Sunday, 4 October 2009

Doctor Who: The Visitation

Part One

“Poor old Adric- always in trouble!”

We’re plunged straight into the seventeenth century, which instantly feels very comfortable. It looks excellent, of course- one thing the BBC’s always been good at is historical drama. There’s rather a long prologue featuring some death rays and some doomed Restoration type people with great clothes and great hair.

We get another new writer in Eric Saward. It’s always hard in this Marathon to try and ignore everything from after the story you’re watching but in the case of someone who would become so controversial. Still, this time round his story feels very traditional Who, although really it shouldn’t- Doctor Who doesn’t actually do alien invasions of historical periods very often. In fact, the only previous straightforward example I can think of is The Time Warrior.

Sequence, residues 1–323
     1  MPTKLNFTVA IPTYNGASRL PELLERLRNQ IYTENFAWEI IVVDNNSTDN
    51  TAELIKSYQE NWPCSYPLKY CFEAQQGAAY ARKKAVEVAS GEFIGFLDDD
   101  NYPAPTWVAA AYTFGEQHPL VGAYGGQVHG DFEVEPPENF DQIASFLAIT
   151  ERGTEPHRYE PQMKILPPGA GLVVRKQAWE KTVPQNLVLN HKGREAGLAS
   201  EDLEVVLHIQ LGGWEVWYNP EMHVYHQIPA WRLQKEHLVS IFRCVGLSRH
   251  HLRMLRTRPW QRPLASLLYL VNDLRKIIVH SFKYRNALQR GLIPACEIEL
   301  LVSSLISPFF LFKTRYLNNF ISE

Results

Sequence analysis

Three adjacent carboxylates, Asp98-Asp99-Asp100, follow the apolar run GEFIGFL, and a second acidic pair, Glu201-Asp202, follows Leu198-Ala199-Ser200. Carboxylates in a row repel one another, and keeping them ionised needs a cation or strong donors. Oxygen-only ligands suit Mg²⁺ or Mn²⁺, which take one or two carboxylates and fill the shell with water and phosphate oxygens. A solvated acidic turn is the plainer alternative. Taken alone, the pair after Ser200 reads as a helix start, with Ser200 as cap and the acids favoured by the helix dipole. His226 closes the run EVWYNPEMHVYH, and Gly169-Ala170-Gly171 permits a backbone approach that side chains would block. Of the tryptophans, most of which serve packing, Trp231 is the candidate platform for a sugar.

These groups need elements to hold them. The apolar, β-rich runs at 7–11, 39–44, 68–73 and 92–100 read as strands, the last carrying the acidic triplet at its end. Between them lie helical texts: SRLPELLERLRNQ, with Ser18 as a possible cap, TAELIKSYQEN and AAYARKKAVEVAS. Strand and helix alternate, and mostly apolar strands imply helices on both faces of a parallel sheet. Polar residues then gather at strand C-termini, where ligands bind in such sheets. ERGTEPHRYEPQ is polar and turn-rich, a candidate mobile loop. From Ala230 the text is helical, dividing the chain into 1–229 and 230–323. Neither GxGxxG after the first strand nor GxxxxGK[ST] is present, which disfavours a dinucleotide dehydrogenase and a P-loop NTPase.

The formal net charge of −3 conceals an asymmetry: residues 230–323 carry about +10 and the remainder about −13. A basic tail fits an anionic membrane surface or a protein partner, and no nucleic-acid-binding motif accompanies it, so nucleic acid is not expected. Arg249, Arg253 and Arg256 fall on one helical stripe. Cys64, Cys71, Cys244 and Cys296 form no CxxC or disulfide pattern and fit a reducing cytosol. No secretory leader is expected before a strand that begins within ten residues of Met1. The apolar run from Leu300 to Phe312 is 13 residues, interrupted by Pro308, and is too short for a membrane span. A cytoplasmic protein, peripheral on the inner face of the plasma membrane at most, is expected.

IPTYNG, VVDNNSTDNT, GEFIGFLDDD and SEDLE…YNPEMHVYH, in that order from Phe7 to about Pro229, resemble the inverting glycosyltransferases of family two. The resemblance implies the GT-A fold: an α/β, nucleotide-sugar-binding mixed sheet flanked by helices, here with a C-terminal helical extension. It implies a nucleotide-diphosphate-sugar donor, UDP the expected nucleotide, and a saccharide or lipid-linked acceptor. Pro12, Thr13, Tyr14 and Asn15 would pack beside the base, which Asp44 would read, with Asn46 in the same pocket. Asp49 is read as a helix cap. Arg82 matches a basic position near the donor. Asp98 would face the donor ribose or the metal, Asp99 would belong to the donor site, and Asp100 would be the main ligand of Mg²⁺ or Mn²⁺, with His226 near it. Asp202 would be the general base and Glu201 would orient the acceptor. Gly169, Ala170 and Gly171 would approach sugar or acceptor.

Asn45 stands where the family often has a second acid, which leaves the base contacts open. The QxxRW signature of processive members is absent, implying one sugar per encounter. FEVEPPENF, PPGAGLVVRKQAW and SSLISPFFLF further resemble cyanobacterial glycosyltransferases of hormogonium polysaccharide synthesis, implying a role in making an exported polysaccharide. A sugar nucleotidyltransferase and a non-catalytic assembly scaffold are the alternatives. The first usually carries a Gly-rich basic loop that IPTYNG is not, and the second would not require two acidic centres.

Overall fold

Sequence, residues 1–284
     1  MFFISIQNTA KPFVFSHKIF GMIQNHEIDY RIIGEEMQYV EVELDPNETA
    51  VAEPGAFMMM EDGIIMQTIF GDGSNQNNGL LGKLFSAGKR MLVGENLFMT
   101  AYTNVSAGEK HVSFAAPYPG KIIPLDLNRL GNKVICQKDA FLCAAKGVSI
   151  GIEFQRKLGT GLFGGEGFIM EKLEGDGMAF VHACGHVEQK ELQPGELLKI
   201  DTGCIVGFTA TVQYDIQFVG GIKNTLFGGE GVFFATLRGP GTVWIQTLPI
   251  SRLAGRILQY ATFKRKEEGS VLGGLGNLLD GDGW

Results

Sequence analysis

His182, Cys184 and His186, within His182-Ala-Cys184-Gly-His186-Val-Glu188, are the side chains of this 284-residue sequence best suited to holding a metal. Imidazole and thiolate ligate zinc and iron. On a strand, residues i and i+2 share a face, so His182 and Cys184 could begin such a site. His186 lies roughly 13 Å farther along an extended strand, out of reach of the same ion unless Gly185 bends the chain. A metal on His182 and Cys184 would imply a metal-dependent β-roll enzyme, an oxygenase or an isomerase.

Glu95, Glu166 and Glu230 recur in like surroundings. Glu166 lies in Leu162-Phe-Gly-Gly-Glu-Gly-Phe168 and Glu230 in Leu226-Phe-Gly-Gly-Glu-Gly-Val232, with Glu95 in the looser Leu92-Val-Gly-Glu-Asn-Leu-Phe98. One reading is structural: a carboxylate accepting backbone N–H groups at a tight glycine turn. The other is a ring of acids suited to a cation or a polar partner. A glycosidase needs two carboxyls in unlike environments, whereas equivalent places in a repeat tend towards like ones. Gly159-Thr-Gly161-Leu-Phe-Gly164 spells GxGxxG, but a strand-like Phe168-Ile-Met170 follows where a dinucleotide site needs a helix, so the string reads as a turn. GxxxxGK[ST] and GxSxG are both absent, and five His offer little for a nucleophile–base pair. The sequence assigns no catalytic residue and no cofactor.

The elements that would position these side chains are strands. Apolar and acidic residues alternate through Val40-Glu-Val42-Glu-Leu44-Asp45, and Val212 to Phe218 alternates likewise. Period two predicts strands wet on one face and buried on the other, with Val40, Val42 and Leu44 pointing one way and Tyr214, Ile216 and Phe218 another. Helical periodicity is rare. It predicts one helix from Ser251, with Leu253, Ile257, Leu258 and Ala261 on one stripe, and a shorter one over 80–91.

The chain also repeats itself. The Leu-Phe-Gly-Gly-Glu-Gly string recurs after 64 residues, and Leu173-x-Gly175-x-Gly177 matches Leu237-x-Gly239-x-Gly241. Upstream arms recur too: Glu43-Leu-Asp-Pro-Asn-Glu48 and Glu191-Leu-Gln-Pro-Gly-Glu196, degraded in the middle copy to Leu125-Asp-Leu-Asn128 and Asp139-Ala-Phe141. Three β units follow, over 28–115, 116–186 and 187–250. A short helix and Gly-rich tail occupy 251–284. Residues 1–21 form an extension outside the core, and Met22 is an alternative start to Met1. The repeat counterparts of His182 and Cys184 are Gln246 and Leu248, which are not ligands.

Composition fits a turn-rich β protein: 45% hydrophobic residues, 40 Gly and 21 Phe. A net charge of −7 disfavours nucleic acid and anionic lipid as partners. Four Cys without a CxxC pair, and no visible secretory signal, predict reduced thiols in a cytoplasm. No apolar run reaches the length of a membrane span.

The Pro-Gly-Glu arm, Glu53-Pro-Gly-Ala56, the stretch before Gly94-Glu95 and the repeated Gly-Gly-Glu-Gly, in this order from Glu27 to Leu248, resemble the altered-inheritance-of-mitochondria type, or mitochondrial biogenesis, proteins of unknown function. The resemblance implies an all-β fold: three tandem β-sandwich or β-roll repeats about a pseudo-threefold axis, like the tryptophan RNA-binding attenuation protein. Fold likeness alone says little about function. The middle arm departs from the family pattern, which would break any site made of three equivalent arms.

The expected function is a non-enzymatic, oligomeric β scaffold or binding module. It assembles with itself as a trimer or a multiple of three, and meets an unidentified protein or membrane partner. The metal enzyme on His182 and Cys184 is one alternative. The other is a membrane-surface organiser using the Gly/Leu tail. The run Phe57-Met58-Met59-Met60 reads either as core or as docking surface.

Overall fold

Anyway, The Visitation. Our initial TARDIS scene has, by now, obviously become part of the show’s format, with an obligatory reference to the previous story (how the authors of the Missing Adventures and PDAs must have hated this) and a bit of inter-crew conflict. Worryingly, it’s already starting to feel tired at this early stage. It’s not yet getting to the point where you suspect the TARDISeers don’t actually like each other thatr much, but that’s something the writers need to watch.